Altered expression levels of core synaptic components integral for maintaining normal synaptic functions, have been frequently reported as features of Aβ42 toxicity [45]. The disruption we observed, especially the PPF ratio and PTP disruption, suggested the likelihood of perturbed expression of key pre-synaptic markers. Western blotting of WT hippocampi with impaired PPF2 ratios revealed a significant down-regulation of the synaptic vesicle proteins synaptophysin and VGLUT1, relative to hippocampi with normal PPF2 ratios (Fig 5A & 5D). It is important, however to acknowledge that because PTP reflects short-term synaptic potentiation, which lasts only a few minutes after HFS trains, and the tissues were harvested following LTP expression, these altered pre-synaptic markers represent the pre-synaptic concomitants of LTP impairment that persisted throughout the expression of LTP.

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Fig 5. Altered expression levels of key pre- and post-synaptic markers correlate with synaptic dysfunction in WT hippocampi.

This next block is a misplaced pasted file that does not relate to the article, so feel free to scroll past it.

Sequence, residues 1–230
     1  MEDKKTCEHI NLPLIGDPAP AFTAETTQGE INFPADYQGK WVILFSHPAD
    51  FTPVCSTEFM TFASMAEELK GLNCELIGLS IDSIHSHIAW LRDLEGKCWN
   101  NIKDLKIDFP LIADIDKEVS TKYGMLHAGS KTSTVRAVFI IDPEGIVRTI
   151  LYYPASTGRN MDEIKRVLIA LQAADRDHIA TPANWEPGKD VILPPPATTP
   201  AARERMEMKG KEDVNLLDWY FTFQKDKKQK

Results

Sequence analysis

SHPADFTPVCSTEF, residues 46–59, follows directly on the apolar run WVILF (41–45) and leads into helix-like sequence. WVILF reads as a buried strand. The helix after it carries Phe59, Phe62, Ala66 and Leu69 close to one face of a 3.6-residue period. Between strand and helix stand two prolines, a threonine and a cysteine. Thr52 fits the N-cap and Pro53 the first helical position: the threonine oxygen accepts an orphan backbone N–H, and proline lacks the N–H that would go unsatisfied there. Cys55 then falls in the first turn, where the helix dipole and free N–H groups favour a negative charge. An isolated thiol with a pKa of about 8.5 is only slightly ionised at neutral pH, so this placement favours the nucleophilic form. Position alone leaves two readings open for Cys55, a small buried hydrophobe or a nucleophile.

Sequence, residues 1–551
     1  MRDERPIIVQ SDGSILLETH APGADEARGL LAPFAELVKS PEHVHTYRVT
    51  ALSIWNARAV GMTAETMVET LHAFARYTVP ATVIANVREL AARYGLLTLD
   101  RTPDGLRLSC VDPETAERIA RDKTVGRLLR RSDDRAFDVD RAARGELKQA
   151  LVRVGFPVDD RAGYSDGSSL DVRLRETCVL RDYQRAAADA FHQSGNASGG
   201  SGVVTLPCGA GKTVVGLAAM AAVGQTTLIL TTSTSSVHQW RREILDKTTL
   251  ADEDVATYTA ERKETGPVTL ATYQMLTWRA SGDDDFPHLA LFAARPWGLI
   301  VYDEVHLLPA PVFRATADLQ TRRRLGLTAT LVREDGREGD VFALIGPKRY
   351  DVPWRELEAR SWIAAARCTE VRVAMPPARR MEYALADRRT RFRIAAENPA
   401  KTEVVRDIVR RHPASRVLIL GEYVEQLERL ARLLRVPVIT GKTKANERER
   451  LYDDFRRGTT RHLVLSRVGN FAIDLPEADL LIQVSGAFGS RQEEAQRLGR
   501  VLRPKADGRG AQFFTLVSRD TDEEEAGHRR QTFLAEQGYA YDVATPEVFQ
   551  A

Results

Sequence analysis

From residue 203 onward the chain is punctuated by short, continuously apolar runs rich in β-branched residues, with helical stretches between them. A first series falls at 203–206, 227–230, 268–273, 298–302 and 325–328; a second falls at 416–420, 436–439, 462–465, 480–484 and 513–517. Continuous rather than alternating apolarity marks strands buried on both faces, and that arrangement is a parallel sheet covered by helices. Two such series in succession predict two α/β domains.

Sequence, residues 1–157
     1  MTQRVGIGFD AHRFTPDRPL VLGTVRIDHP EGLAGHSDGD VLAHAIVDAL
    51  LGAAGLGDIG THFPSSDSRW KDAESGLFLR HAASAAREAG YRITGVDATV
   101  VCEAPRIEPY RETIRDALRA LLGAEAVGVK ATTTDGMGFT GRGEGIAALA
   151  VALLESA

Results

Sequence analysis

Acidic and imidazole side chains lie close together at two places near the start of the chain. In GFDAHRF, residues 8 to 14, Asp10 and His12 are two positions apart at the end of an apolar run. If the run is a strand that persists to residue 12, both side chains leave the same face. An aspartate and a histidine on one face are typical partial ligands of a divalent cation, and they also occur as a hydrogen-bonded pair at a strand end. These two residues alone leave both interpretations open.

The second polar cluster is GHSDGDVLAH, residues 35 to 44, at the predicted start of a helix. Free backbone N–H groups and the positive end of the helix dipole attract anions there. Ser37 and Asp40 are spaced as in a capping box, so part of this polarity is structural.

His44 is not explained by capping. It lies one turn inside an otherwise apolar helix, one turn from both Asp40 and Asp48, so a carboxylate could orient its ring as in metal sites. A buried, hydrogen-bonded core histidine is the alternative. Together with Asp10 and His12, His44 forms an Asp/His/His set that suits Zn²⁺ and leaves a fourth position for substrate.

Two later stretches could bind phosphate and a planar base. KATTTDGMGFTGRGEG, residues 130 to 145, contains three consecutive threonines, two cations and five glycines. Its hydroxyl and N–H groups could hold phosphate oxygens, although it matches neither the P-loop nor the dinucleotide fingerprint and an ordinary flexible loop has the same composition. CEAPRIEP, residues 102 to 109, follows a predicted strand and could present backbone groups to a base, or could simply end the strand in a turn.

Following induction of LTP, hippocampi were homogenized and biochemically analysed for key synaptic markers. (A & D) Hippocampi treated with cM1000 [c] expressed reduced levels of pre-synaptic markers, synaptophysin (p = 0.0280) and VGLUT1 (p = 0.0108), relative to those treated with cNBH [c]. Conversely, WT hippocampi treated with dM1000 [d] were associated with unaltered synaptophysin and VGLUT1 levels relative dNBH [d]. (B & D) NR2A/B-containing NMDAR were also reduced in hippocampi treated with cM1000 (NR2A: p = 0.0012; NR2B: p = 0.0003) relative to those treated with cNBH, with unaltered levels when employing dM1000 and dNBH. GluA2-containing AMPAR were also reduced in hippocampi treated with cM1000 relative to those treated with cNBH (p = 0.0077), with unaltered levels when employing dM1000 and dNBH. (C & D) Expression levels of pERK and pCREB were reduced in slices exposed to cM1000 (pERK: p = 0.0339; pCREB: p = 0.0108) relative to cNBH but were unaltered when employing dM1000 and dNBH. PSD95 remained unaltered after exposure to both cM1000 and dM1000 supporting no loss of pre-existing synapses in prion acute synaptotoxicity. Fyn levels remained unaffected after treatment with either cM1000 or dM1000. (E & F) Relative to cNBH, cM1000 reduced expression levels of procaspase 3 (p = 0.0028) with unaltered production of the active form, thereby significantly reducing the pro- to active caspase 3 ratio (p = 0.0083). The pro-caspase 3 expression level was unaltered after treatment with dM1000 compared with dNBH with a normal pro- to active caspase 3 ratio. (A-C, E) Molecular markers are provided at right. Data are presented as ± SEM. *p<0.05, **p<0.01, ***p<0.001, ****p<0.0001.